Cross the Streams (Audiobook) by Grant Fikes

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Editor’s Note: It seems a lot of people aren’t taking us seriously this week, as if our April 1st announcement of a puzzle app combining TomTom with 2048 and Threes! was just a joke. Today’s puzzle actually grew out of a past April 1st announcement that led to a real audiobook deal for our Grandmaster titles. This puzzle is a sample from Grant Fikes’ upcoming Cross the Streams audiobook. Listen carefully or you won’t be able to solve the puzzle.

or Click here to download the audio file.

The following grid may be helpful to keep in mind (or actually on paper in front of you):

Cross The Streams by Grant Fikes

PDF

Theme: Asterisk, Asterisk, Asterisk, ***

Rules: Standard Cross the Streams rules. Also, (as transcribed from the audio file): “You will hear the clues read to you, first the across clues (starting with the topmost row and moving towards the bottom) and then the down clues (starting with the leftmost column and moving towards the right). In this beautiful 10×10 puzzle, called “Asterisk, Asterisk, Asterisk”, grandmaster Grant Fikes has challenged the normal conventions of Cross the Streams, sometimes having two or more consecutive asterisks in a single row or column.”

Answer String: Enter the length in cells of each of the black segments from top to bottom for the marked columns, going in order from A to B to C to D and separating each entry with a comma.

Time Standards (highlight to view): Grandmaster = 7:00, Master = 12:00, Expert = 24:00

  • Jack Bross says:

    Sort of felt like doing a diagramless crossword.
    A fun end to a memorable perverse week of puzzles.

    (Now I have to go watch the Patreon video walkthrough by Grant, mostly for entertainment value)

    • drsudoku drsudoku says:

      The only parameter I gave Grant was to keep the video at about 5 minutes. He failed at that, but included some fun moments and easter eggs nonetheless.

      • Grant Fikes Grant Fikes says:

        Nobody regrets not making 5 minutes more than I do. I mean, my appropriate music only lasted 5 minutes! 🙁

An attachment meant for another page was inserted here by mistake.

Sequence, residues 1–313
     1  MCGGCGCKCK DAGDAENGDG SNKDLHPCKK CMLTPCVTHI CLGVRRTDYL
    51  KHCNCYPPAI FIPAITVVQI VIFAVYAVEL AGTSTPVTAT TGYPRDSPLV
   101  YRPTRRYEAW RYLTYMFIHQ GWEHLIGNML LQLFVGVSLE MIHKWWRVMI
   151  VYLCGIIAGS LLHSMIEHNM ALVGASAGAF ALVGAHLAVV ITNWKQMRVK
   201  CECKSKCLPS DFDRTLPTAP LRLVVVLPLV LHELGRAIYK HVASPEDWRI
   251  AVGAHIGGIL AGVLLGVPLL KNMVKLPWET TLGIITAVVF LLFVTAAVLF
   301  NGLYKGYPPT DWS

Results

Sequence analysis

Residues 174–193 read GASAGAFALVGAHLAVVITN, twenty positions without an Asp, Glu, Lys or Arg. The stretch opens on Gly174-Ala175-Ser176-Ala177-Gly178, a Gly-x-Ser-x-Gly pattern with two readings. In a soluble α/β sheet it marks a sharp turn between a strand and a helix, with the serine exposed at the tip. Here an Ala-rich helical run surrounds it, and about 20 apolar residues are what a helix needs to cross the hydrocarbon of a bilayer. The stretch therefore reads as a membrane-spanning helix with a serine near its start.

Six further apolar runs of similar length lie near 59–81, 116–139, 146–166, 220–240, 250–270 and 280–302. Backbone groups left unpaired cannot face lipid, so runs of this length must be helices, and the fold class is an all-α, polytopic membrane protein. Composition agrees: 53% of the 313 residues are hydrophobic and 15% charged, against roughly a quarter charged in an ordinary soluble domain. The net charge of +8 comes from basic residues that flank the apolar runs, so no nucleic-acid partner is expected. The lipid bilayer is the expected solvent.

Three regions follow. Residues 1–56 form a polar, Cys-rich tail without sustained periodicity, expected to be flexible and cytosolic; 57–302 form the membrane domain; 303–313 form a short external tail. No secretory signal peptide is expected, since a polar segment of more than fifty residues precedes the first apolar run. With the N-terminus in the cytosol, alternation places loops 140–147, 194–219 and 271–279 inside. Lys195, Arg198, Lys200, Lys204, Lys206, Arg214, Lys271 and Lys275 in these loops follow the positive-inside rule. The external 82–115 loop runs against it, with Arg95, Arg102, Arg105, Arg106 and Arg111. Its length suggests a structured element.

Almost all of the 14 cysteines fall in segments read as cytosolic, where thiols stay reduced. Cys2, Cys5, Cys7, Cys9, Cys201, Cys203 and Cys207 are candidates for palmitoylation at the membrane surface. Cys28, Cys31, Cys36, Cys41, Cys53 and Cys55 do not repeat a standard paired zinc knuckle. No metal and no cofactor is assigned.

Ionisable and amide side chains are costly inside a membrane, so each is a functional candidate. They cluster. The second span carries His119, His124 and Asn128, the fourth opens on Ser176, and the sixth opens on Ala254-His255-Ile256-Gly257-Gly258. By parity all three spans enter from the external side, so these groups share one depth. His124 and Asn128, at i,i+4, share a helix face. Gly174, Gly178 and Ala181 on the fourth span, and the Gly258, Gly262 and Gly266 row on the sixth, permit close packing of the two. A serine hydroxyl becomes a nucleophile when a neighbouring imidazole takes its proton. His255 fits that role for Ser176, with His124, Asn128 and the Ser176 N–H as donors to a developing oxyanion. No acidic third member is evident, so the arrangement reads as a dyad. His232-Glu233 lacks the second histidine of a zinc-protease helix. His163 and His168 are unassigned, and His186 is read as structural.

I guess I was working on ensuring that there were as few moments of “how did he make that deduction?” as possible, so I took time explaining things!

      • Scott Handelman says:

        Honestly, I feel like your videos go too quickly sometimes. If the goal is educational, then there needs to be some time to digest what is being said that isn’t purely reliant on the viewer pausing every few seconds. That’s my opinion as a teacher who has made instructional videos for his students in the past.

        There’s probably a happy medium somewhere in walkthrough video length.

        • drsudoku drsudoku says:

          It may work better if we choose a section of a puzzle to spend time on, as opposed to having the whole goal be to go from start to end of the puzzle. Definitely something to keep in mind as we keep producing these, so thanks for the comment.

  • chaotic_iak says:

    11:22, not including listening and transcription time, and also not including a series of expletives uttered upon finding an audio file and listening to it. Including 2-3 minutes where I broke the puzzle at the end and had to retrace my steps though.

    This is an absolutely astounding idea. Except for the audio being purely fluff (can be replaced by the string of clues instead, although that reduces the amount of profanity a solver will shout upon first encountering this puzzle), the puzzle is flawless in terms of concept. I should try figuring out an even more insane idea, I suppose.